Initially I
Might have had 20% yellowing leaves on the bottom halves of 6 laurels, but they came around.

Root rot typically happens over a prolonged period of sogginess. Did you get a guarantee?
Rodney Wilcox Jones, my idol!
Businessman, Orchid grower, hybridizer, lived to 107!
Huntington, NY
mauricef
Jun 6, 2020 5:03 PM CST
I did get a guarantee of one year - I guess I'm just having images of a large number of these dying en-mass and leading to a messy and prolonged situation. Good point about root rot, it's only been a couple of day.

I think it's the topsoil berm that is tripping me up now, its very spongy. I have other laurels on a different part of my property and they are doing fantastic, the soil dries out much quicker than the topsoil in the berm.
Name: Big Bill
Livonia, Michigan (Zone 6a)
American Orchid Society Judge
Region: United States of America Critters Allowed Growing under artificial light Echinacea Hostas Region: Michigan
Butterflies Lover of wildlife (Raccoon badge) Orchids Cat Lover Birds Bee Lover
Image
BigBill
Jun 6, 2020 5:15 PM CST
All in due time Maurice, all in due time.

Do what I do. Get out the lawn chair recliner, get a glass with your favorite adult beverage and relax. They'll be fine, you'll be fine and we go happily onward!!
A good book will work. I like to listen to the birds and enjoy life. There isn't anything better then that my friend. Nothing but the best to you Sir!!
Rodney Wilcox Jones, my idol!
Businessman, Orchid grower, hybridizer, lived to 107!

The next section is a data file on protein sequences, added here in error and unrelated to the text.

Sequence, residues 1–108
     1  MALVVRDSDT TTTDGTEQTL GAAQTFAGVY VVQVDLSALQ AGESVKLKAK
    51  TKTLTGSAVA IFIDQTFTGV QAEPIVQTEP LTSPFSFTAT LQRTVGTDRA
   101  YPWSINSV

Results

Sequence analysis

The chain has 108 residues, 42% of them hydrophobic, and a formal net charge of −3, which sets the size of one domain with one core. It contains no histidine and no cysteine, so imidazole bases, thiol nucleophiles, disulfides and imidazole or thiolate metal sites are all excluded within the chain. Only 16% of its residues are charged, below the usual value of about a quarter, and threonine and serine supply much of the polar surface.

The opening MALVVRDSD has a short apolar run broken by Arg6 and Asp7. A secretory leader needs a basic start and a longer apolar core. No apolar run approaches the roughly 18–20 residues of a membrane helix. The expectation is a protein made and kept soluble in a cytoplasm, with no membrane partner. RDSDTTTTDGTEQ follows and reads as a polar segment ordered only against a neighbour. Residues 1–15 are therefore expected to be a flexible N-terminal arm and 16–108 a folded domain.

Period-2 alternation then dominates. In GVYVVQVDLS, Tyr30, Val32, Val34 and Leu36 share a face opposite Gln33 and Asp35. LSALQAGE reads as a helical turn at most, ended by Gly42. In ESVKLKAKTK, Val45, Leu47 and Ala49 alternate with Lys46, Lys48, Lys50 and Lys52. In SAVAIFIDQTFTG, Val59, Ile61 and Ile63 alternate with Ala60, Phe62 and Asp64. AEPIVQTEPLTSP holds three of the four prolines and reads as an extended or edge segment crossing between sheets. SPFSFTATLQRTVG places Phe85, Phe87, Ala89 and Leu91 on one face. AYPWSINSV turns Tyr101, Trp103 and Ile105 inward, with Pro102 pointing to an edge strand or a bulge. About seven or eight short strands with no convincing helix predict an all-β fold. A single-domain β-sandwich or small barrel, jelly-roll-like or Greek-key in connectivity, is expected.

Name: John
Pomona/Riverside CA (Zone 9a)
CPPgardener
Jun 6, 2020 5:16 PM CST
The berm should actually make the drainage better not worse since gravity pulls the water down and it doesn't sit around the roots.
Was the 'topsoil' actually soil or mostly organic matter?
“That which is, is.That which happens, happens.” Douglas Adams
Name: Big Bill
Livonia, Michigan (Zone 6a)
American Orchid Society Judge
Region: United States of America Critters Allowed Growing under artificial light Echinacea Hostas Region: Michigan
Butterflies Lover of wildlife (Raccoon badge) Orchids Cat Lover Birds Bee Lover
Image
BigBill
Jun 6, 2020 5:17 PM CST
I think that this is just bad timing CCP. Nobody likes to plant just before a monsoon.
Rodney Wilcox Jones, my idol!
Businessman, Orchid grower, hybridizer, lived to 107!
Huntington, NY
mauricef
Jun 6, 2020 5:32 PM CST
The topsoil is mostly organic matter it is quite spongy, not soil like. The installer thought that the topsoil would be a positive vs just regular soil but now I'm learning he doesn't have much experience installing these and I don't get the sense he did much research
Name: Big Bill
Livonia, Michigan (Zone 6a)
American Orchid Society Judge
Region: United States of America Critters Allowed Growing under artificial light Echinacea Hostas Region: Michigan
Butterflies Lover of wildlife (Raccoon badge) Orchids Cat Lover Birds Bee Lover
Image
BigBill
Jun 6, 2020 5:45 PM CST
Topsoil in my experience is just organically richer soil. A better quality dirt if you will. I will firm up over time.
You can't really expect it to be cement like or super firm, it was recently put down. The rain didn't do anything to help with that.
Even if he installed the soil and rolled it over and over, it would not be that much firmer. Every thing takes time.
Rodney Wilcox Jones, my idol!
Businessman, Orchid grower, hybridizer, lived to 107!